Fredrik Milder, a spokesperson for the Swedish security service SAPO has told The Local that there was "very little" the agency could do to to halt the flow of Swedish nations to war zones in Iraq and Syria.
"About 50 of those known to have travelled to Syria have returned to Sweden. They travel to Syria, return to Sweden and tend to go back again," SAPO spokesperson Fredrik Milder revealed.
"There is only very little we can do to stop people from travelling from Sweden to join al-Qaeda inspired groups," he added.
According to the Swedish security service, at least 150 Swedish nationals have fled the country to join the Islamic State and other extremist fighters in Syria and Iraq. About 35 are believed to have been killed in the Middle East.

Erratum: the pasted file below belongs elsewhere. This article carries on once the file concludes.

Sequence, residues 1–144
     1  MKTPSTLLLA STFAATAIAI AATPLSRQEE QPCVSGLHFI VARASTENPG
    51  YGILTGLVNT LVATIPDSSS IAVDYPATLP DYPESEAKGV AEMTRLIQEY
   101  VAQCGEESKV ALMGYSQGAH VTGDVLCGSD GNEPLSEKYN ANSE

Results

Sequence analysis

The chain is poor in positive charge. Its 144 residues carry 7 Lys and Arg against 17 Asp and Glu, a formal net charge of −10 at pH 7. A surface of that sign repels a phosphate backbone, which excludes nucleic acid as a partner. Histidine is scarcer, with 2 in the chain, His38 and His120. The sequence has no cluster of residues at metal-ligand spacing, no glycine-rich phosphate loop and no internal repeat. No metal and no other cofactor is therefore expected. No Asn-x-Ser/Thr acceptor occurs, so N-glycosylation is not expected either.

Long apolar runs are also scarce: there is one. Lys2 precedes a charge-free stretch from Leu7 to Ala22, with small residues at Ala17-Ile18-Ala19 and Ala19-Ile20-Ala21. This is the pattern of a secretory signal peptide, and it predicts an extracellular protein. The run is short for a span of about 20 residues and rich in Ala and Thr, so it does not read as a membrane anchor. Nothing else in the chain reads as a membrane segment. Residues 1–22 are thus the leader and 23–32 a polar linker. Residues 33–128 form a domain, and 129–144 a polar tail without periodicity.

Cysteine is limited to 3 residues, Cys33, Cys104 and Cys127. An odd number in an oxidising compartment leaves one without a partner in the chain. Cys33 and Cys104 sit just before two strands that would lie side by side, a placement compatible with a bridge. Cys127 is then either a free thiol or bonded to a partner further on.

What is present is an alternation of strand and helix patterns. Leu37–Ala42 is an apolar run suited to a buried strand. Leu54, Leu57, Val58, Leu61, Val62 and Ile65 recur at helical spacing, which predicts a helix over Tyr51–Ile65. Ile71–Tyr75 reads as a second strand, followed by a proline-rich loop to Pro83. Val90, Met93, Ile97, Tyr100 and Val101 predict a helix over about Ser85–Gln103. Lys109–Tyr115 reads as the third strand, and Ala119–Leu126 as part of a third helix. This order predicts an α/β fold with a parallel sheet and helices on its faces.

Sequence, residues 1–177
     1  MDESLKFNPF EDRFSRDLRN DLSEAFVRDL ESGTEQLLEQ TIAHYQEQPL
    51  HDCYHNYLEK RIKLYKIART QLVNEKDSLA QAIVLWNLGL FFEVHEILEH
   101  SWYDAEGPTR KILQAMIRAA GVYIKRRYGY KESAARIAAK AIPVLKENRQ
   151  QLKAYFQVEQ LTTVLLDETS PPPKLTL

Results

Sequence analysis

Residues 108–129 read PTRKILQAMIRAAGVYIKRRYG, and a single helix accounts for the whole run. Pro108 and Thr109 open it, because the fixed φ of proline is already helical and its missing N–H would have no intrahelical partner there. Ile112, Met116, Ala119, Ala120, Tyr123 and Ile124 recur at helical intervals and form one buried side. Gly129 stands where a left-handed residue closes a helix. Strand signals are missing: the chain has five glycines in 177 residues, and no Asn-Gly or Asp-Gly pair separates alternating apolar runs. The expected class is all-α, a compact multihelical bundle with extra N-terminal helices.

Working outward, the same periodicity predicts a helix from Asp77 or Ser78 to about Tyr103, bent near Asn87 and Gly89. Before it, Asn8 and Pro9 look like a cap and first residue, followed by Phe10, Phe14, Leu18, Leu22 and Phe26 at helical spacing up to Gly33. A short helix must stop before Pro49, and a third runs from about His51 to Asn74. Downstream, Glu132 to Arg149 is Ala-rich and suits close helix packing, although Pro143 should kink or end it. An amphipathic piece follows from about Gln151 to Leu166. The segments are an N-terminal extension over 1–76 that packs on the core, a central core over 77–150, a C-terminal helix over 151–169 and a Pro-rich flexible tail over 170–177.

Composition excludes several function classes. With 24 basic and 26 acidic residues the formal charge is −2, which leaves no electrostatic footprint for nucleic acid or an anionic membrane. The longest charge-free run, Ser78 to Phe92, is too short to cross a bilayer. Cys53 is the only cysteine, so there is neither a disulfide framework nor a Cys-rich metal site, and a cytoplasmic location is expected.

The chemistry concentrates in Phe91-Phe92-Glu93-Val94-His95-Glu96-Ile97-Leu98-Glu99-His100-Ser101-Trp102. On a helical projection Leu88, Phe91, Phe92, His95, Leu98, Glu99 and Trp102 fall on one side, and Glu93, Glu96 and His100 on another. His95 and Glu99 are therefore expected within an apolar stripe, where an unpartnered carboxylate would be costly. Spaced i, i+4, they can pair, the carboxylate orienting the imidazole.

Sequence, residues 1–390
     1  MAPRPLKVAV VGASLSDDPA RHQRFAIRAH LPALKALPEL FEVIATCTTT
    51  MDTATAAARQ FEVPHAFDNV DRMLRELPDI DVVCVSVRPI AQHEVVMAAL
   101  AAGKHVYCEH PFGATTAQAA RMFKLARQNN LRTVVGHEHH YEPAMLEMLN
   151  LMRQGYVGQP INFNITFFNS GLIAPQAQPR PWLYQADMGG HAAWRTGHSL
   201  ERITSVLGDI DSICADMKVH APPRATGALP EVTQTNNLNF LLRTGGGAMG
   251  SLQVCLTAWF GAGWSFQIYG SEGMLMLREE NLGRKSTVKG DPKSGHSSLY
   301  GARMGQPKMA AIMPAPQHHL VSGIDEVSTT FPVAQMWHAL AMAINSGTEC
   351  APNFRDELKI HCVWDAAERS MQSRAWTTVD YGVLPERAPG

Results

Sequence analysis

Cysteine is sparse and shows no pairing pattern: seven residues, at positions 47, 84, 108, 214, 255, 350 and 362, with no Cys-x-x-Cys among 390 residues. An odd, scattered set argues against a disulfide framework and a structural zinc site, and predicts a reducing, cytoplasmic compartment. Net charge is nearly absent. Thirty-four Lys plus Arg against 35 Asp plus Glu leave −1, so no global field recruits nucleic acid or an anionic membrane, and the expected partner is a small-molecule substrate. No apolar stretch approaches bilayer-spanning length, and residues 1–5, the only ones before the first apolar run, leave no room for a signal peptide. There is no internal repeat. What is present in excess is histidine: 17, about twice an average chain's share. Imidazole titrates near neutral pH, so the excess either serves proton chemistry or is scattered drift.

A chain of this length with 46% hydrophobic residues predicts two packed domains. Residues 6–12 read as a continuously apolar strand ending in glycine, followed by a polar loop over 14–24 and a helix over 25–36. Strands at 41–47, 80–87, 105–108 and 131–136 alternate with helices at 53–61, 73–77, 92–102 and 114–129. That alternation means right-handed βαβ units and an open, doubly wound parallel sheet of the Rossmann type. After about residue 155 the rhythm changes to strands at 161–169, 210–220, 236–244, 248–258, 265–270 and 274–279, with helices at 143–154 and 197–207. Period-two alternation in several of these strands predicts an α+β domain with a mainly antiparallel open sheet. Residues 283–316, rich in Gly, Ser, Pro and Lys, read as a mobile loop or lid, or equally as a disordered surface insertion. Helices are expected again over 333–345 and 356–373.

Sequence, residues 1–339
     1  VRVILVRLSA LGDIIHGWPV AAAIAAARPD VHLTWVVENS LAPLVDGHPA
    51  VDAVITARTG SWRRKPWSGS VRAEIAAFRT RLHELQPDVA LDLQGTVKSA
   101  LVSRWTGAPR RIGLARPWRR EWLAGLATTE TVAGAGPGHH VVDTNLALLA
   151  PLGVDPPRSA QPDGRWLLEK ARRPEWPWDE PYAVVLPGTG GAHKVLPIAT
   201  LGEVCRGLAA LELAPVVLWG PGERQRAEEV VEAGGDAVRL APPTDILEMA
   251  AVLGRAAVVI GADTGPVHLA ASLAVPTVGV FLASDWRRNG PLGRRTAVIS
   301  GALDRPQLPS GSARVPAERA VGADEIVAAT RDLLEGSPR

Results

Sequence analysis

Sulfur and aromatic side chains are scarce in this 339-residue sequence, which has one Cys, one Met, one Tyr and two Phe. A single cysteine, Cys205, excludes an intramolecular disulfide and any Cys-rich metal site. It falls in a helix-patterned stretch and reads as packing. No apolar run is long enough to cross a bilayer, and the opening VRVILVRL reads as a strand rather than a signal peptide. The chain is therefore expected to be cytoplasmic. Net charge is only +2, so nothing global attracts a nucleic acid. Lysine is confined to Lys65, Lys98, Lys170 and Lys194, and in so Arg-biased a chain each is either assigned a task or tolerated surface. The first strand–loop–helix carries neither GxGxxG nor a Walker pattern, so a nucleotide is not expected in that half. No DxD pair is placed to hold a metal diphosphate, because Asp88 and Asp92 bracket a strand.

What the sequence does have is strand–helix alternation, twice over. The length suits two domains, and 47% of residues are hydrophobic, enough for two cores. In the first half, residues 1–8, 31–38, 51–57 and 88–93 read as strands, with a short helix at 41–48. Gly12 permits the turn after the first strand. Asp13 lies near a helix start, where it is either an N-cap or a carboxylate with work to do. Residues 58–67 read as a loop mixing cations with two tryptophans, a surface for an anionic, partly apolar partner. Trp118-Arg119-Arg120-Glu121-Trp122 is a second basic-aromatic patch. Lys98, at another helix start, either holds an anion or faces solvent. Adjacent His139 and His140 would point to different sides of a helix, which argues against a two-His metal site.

Earlier France's Prime Minister Manuel Valls also expressed his deep concerns about the growing number of European Islamist insurgents. There are almost 3,000 Europeans fighting alongside Islamic State extremists, but in the coming months this number could reach 5,000 and soar to over 10,000 before the end of the year, the politician stressed in an interview with a national radio station.
However, EU Justice Commissioner Vera Jouriva has already revealed that the true number of European jihadists fighting in the Middle East is likely to be much higher than 5,000-6,000.
The EU has recently been boosting cooperation between security services and court systems of its member states. They are monitoring and collecting information about potential extremists and their journeys abroad. However, more intelligence sharing is currently required, underscored EU Justice Commissioner Vera Jouriva.